ANSWER FROM SENIOR SCIENCE ELF: Click here for more information from the U.S. Department of Energy on getting power from the ocean.
***NOTE TO SANTA: Look at this! A sea adventure resort built on an old oil platform!
PROBLEM 2: Getting water for the workshop.
Mrs. Claus needs the best-tasting fresh water for her delicious peppermint hot chocolate. Right now, she uses melted ice. Once the ice is gone, there will be nothing but salty sea water around us.
PROPOSED SOLUTION: Maybe… build a plant that removes salt from water (desalinize the water)?
NOTE FROM SENIOR SCIENCE ELF: This creates a new problem, because removing salt from sea water takes a lot of energy and leaves behind icky salt sludge. What if instead, we collect rainwater and use less water? We should ask the Island Elves how they do it.
Click here to learn about how kids, elves and reindeer can collect rainwater and use less water at home.
***NOTE TO SANTA: Can you take shorter showers?
PROBLEM 3: Our neighbors who rely on the ice— animals and humans— are losing their homes.
After all the ice melts, some animals who make the ice their home— like polar bears and walruses— might have nowhere to go. Do they want to stay at the North Pole on their own abandoned oil platforms? We asked, and they said, “No, thanks, those are too small for us.” Do they want to live in zoos? They said, “No, thanks, we don’t want to give up our freedom.”
Our other neighbors at the North Pole are the people who have lived on the ice for centuries. These are the people humans often call Eskimos, even though there are actually many different nations living around the North Pole, including Inuit, Evenk, Yupik, and many others. We asked if they want their own abandoned oil platforms, and they said, “No, thanks, those are too small for us.” Do they want to move south to other lands? They said, “No, thanks, our culture is built on ice and snow: this is our home.”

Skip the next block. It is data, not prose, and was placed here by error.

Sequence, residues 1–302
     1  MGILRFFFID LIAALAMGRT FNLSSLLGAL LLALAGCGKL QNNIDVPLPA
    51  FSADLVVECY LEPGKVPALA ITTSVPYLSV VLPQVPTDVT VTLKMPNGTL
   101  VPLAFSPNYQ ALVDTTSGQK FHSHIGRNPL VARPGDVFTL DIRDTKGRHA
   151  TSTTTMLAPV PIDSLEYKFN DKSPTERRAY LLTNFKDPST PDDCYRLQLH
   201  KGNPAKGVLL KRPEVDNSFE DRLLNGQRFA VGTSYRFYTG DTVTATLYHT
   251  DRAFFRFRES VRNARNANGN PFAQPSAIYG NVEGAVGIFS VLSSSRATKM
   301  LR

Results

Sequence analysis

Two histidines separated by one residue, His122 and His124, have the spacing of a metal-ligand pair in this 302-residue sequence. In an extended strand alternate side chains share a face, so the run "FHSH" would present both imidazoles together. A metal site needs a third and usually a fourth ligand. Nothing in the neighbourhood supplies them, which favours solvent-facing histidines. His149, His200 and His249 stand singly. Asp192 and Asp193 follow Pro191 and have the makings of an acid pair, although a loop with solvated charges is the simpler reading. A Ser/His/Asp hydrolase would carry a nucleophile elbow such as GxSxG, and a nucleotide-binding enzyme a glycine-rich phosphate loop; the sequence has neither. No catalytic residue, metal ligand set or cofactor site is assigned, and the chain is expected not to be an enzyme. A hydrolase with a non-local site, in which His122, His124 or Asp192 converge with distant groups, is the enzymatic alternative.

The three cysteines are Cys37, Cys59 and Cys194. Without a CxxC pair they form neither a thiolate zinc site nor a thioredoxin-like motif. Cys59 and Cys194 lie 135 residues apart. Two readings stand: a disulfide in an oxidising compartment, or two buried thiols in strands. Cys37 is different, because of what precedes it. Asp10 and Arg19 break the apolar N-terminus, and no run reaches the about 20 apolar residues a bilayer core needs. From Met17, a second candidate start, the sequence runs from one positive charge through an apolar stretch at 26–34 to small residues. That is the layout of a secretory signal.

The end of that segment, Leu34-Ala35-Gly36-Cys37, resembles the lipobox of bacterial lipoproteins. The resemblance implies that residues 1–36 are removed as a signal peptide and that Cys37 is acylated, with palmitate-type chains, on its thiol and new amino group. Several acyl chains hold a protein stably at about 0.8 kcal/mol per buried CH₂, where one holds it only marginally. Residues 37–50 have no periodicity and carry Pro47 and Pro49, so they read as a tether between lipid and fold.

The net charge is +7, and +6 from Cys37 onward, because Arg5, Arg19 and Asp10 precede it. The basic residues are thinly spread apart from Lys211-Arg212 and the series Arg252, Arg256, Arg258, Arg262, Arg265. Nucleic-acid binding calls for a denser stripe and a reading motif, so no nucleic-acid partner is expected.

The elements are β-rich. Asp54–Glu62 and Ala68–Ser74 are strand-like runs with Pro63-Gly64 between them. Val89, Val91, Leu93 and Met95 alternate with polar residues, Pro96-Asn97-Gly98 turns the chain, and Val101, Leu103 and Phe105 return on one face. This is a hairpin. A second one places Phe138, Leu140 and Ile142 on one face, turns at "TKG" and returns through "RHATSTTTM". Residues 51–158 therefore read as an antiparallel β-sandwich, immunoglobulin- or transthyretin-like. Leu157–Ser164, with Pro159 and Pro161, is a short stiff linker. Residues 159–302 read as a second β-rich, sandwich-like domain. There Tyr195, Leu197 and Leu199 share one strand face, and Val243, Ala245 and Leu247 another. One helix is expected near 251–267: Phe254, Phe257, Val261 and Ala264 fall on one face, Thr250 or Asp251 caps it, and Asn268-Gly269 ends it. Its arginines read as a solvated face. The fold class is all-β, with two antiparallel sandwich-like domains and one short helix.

These are our neighbors, and like any neighbors, we’ve always helped each other out when things have gone wrong… we should try to help them if we can.
PROPOSED SOLUTION: I don’t know. We need to keep talking to our neighbors and asking how we can help.
QUESTION FOR SENIOR SCIENCE ELF: Can we save the ice?
ANSWER FROM SENIOR SCIENCE ELF: We can’t stop the ice from melting, but we can slow it down if we change how we do things. Can we get humans to slow climate change?
***NOTE TO SANTA: When you are traveling around the world, can you please tell the human children about ways to slow climate change so they can teach their parents? Maybe you can tell them to check these out:
- Super awesome U.S. Environmental Protection Agency climate change site: A Student’s Guide to Climate Change.
- Spiffy U.S. National Aeronautics and Space Administration (NASA) Climate Kids site (and they talk about sea ice!).
- Global Warming Kids, an information portal presented by science museum docents at the University of California, Berkeley. Full of useful resources, including videos of human children talking about climate change.
- Free Lesson Plans from the North American Association for Environmental Education for pre-K to Grade 12— to help teach about nature, including climate change.